Months, literally months after attending a curing and smoking course at River Cottage I got around to making some of my own pancetta. It was easy: the hard bit was worrying that I had made something that would make people sick, but this didn’t happen. These are the pics I took during the process.
When I was a teenager I had phases. There was the cars phase, then computers, followed by tropical fish and logically enough, girls. With middle age it appears that phases are coming back and this year’s seems to be charcuterie: eating, producing and consuming it. When you buy a new car, you suddenly notice how many other wise people have also bought the same model as you. Well, in a similar vein, since becoming interested in charcuterie, I’ve noticed how surprisingly available locally-made cured and smoked goods are in and around Monmouth. So pleased was I by this that did a vaguely arty Instagram photo of some pancetta, smoked pork belly and salami that I bought within ten miles of Monmouth.
Sometimes serendipity or perhaps Providence plays a role in the delivery of a meal. One such is a Choucroute Garnie I cooked today. Chance encounters with ingredients that, on their own, don’t promise much, bubble away in my subconscious until I have an “Aha!” moment in which I realise what they could become together.
So it was with the piece of smoked belly pork and kielbasa suasages on special offer at Lidl this week. Buy some then think about about what to do with them. Being a semi-German household there’s always a bit of sauerkraut available. It must be Choucroute Garnie. Of course. Google some recipes. It’s obvious that there is no definitive recipe: it’s probably one of those dishes that exists as a meme, a set of principles. In this case, it’s essentially smoked pork cuts and sausages slowly simmered in sauerkraut, then served on a monstrous platter in its steaming Rabelaisian glory.
But do we have the ingredients? Riesling? Juniper berries, spare ribs, bay leaves, duck fat? Yes to some and no to others. Belt down to Waitrose to get the missing bits and cure the spare ribs overnight. In the morning, I am reminded that Keith Floyd (hallowed be His name) had a recipe for a Choucroute Garnie in his Second Epistle to the Gastronauts, Floyd on France. No spare ribs there. But wait! He adds liver dumplings. I’m about to leap into the car to go and buy some liver when I am reminded by my wife that we have leberknoedeln in the freezer. As one does.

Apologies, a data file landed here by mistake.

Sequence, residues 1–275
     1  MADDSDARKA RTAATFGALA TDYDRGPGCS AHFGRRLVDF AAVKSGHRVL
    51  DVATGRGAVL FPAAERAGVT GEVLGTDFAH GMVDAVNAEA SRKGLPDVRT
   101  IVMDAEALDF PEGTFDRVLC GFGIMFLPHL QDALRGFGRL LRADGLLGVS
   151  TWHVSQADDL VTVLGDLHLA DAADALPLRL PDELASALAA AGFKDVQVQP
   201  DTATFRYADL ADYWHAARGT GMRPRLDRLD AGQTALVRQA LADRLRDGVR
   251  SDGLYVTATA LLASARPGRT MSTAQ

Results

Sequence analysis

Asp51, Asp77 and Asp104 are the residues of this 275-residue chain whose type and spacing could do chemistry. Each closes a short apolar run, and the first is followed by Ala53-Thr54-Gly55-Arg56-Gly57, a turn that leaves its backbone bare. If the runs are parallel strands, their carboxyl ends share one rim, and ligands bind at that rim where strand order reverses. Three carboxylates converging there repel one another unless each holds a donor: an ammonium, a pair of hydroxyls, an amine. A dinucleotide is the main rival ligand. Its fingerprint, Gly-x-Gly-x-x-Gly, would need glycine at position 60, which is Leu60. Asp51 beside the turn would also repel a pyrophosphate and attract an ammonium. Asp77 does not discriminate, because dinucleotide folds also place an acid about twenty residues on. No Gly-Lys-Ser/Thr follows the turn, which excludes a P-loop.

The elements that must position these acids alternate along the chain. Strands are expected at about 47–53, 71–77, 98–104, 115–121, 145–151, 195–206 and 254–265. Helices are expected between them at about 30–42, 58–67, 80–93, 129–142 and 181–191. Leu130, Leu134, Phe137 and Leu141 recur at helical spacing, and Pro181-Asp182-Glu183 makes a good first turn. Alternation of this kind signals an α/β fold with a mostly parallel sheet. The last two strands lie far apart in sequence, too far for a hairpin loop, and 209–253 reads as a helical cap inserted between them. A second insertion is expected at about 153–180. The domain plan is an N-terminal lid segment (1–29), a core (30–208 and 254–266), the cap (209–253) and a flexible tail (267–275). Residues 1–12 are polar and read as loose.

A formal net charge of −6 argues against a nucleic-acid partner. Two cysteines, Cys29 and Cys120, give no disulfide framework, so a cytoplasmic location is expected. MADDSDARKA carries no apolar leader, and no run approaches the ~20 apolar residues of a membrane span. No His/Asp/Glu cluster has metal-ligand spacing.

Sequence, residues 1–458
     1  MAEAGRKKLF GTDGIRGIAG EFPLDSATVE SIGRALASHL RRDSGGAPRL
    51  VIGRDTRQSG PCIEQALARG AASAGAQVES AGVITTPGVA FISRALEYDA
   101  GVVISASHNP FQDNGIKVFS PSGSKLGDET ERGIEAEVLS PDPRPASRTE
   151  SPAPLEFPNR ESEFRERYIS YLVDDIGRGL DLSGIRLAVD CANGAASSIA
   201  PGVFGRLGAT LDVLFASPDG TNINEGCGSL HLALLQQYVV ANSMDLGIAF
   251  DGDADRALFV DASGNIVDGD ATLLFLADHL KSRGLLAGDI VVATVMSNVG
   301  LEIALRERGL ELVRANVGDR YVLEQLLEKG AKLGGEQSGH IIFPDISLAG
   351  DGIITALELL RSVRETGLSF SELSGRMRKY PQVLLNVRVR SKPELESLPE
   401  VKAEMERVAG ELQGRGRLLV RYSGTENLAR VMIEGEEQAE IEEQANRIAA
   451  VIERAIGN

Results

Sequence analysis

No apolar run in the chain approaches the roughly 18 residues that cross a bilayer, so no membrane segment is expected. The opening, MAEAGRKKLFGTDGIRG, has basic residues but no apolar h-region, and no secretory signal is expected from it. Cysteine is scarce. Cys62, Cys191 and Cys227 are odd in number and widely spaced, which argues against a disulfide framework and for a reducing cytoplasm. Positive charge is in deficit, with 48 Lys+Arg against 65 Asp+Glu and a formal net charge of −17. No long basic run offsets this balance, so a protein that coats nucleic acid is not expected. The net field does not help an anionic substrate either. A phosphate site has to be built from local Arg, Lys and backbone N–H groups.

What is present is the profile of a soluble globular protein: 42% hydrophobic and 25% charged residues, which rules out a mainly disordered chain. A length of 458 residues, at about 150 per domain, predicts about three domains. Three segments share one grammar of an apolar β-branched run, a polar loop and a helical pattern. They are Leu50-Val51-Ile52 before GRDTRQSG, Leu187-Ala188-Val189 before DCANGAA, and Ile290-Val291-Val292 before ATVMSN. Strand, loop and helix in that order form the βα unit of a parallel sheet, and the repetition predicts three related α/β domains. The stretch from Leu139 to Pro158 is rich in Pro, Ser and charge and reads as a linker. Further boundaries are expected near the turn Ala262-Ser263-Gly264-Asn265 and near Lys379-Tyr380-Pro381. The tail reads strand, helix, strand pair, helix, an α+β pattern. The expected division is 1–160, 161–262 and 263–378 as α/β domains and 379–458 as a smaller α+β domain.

Suppose you have joined freemasonry recently and are working through the three ceremonies of initiation, passing and raising. You enjoy their uplifting admonitions to personal improvement and want further reading, as it were, to broaden your understanding of the ideas presented in the degrees as well as the intellectual currents that informed them.
Reading, though, is so twentieth-century. You want to listen to easily digestible podcasts that deliver the thinking of top-drawer academics in no more time than it takes walk to commute to work. What you need is BBC Radio 4′s programme on the history of ideas, In Our Time.
What follows then is an entirely unofficial, biased(!) and personal list of IOT episodes you could listen to in the days immediately following each of the three degree ceremonies, with a general category to give a flavour of some of the ideas that inform masonic culture.
Altruism - 23 Nov 06
Friendship - 2 Mar 06
The Oath – 5 Jan 06
Freedom - 4 Jul 2002
Progress - 18 Nov 1999
Rudolph II – 31 Jan 2008
Alchemy – 24 Feb 2005
Baconian Science – 2 Apr 2009
Human Nature – 7 Nov 2002
Mathematics – 6 May 1999
Nature - 10 Jul 2003
Renaissance Magic – 17 Jun 2004
Science’s Revelations – 29 Oct 1998
The Royal Society – 23 Mar 2006
Pythagoras – 10Dec 2009
Virtue - 28 Feb 2002
Renaissance Maths – 02 June 2005
Death - 4 May 2000
The Soul – 6 Jun 2002
Politeness - 30 Sep 2004
The Encyclopédie – 26 Oct 2006
King Solomon – 7 Jun 2012
Paganism in the Renaissance – 16 Jun 2005
Empiricism – 10 Jun 2004
Toleration - 20 May 2004
We are holding a ceilidh for the whole family with a hog roast. Tickets are £10 for adults, £4 for children (under 16) and £25 for a family (2 adults and 2 children).
All proceeds will go to 21 Plus our local support group for families who have a child with Down’s Syndrome.
Please come along, bring your families, relatives, friends, colleagues and neighbours and pass on this invitation!
As a parent of a child with Down’s Syndrome (we prefer that term to “Down’s Syndrome child/person”) and occasional Archers listener I was impressed how sensitively the writers handled last week’s storyline involving a couple who are told that the child they are expecting will have Down’s Syndrome.
In particular the way the consultant revealed the results of the tests showing the baby had Down’s was almost a textbook example of how it should be done. Too often, doctors in these situations have out of date attitudes and information and end up traumatising the parents. “You can get rid of it, you know” is not as uncommon a phrase as we’d hope.
Almost, because the consultant could have been a bit warmer and reassuring and because her speeches sounded like she was reading from the Down’s Syndrome Association literature! The latter is hardly a complaint though.
, a photo by Monnowman on Flickr.